Council voted 9-5 Thursday to ignore a letter from Secular Ontario, an organization striving to eliminate the Lord’s Prayer from municipal procedural bylaws.Read the letter here
“We have 151 years of tradition and we’re going to throw it out the window,” said Dan McCaw, reeve of Wollaston Township. “This county was put together by church people.”
The Belleville law firm O’Flynn Weese advised the county in a letter that switching to a non-secular prayer will ward off the threat of lawsuit.
The correspondence cited Allen versus the County of Renfrew and Freitag versus Penetanguishene, wherein courts ruled that saying the prayer infringes on the rights and freedoms of non-Christians.
We are sure you will agree that it is totally unacceptable in a democratic society for any official government body to act illegally, and we expect that you will, therefore, want to put an end to the offending practice immediately.I've gotta wonder why they were so sure...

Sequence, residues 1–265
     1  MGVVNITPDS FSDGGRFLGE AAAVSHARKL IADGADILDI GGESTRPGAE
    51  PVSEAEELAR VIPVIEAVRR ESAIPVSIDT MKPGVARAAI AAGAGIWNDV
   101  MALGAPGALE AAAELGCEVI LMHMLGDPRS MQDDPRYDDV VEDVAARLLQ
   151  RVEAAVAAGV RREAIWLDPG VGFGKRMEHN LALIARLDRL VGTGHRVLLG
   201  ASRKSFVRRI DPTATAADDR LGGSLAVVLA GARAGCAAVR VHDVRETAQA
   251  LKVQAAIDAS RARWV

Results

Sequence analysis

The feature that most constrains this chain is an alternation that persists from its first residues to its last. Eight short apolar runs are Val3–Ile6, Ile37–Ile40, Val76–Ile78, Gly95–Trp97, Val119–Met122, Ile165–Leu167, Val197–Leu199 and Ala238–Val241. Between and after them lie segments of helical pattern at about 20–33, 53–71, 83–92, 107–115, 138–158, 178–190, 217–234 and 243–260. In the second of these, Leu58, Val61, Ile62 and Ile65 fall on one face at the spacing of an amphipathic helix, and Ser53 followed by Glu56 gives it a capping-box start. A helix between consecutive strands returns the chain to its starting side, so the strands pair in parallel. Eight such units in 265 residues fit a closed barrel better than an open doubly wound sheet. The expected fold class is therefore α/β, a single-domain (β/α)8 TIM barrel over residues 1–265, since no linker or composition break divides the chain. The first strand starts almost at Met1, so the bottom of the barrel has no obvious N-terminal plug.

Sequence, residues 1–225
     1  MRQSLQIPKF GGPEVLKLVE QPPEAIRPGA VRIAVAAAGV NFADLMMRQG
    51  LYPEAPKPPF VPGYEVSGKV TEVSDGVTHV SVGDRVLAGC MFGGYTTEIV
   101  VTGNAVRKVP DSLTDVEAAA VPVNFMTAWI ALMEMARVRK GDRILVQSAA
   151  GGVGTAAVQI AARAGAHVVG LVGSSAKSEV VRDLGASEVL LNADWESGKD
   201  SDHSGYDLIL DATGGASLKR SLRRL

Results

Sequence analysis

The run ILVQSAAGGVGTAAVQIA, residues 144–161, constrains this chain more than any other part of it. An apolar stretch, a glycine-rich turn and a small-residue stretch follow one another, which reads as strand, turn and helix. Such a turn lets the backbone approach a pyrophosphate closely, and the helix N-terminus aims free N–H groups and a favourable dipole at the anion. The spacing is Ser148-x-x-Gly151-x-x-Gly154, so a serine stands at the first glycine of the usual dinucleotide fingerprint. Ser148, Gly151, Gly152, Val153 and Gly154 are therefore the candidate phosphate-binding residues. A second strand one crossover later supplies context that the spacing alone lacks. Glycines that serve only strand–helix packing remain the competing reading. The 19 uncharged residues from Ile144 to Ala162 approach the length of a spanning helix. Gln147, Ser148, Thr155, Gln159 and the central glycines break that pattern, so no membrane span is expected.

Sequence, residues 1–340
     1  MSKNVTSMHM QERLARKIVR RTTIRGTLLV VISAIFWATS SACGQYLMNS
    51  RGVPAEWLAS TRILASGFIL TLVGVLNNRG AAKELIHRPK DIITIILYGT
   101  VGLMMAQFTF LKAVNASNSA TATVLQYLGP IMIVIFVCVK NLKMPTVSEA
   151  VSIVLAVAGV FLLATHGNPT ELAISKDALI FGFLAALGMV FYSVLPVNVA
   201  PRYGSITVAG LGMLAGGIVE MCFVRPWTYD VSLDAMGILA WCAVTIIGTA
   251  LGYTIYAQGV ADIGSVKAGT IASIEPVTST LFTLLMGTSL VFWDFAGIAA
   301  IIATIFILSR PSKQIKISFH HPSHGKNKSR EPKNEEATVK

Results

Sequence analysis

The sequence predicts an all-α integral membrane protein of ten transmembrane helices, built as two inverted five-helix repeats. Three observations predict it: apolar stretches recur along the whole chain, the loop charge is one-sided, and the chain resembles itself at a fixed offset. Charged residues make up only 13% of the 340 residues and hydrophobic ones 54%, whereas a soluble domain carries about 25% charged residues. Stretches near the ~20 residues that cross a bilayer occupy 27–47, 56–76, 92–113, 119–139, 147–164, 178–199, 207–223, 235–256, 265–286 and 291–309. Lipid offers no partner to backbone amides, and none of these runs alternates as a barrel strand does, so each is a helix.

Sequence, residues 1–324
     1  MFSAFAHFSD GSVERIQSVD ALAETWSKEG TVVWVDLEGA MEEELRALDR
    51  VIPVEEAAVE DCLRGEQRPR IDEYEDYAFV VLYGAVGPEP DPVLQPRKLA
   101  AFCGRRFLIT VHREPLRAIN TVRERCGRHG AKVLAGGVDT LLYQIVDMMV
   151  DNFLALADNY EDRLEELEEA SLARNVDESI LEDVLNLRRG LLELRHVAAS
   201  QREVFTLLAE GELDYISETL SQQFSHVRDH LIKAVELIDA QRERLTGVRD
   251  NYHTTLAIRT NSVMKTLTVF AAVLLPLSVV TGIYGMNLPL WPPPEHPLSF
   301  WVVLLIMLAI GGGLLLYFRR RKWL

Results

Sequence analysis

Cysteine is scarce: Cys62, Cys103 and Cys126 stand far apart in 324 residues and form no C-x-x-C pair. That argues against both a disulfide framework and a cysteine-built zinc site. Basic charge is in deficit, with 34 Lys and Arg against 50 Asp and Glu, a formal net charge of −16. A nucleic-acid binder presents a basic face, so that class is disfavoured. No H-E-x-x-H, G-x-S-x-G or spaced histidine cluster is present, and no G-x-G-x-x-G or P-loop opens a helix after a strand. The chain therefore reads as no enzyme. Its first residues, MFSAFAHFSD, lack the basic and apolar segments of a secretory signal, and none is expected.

A lot of the rural residents around here take their religion and their independence pretty seriously. My guess here is that O’Flynn Weese is gonna start seeing a sharp drop-off in walk-in business.
But there were some stalwart souls who were standing up to the incipient jihad...
Bancroft mayor Lloyd Churchill said Ontario is turning into a province where the minority is louder than the majority.And let's not forget the secular humanists, on the other side of the theological fence...
David Golem, reeve of Limerick, suggested changing the Lord’s prayer to a moment of silent prayer, which was defeated.
Voting in favour of examining alternatives were Panabaker, Faraday Reeve Carol Tinney, Golem, Tyendinaga Reeve Margaret Walsh and Stirling-Rawdon Deputy Mayor Michael Regan, who filled in for Mayor Peter Kooistra.Interesting times in Hastings County, Ontario.
UPDATE: Who's behind Secular Ontario?
Registrant:Let Secular Ontario know how you feel.
Peter C Lee
June 13, 2005
LAST WORD: Another legal lightning bolt...
Canada's highest court ruled Friday that citizens don't have a constitutional right to a lawyer in every legal case they are involved in.In a strange turn of events, the lawyer bringing the suit was killed during a stunt to publicise this particular matter.
Christie was killed by a minivan during a cross-country cycle to deliver a petition to the Harper government on the high cost of justice last year.
He argued that the tax, which the B.C. government imposed in 1993, inhibited people from retaining his services.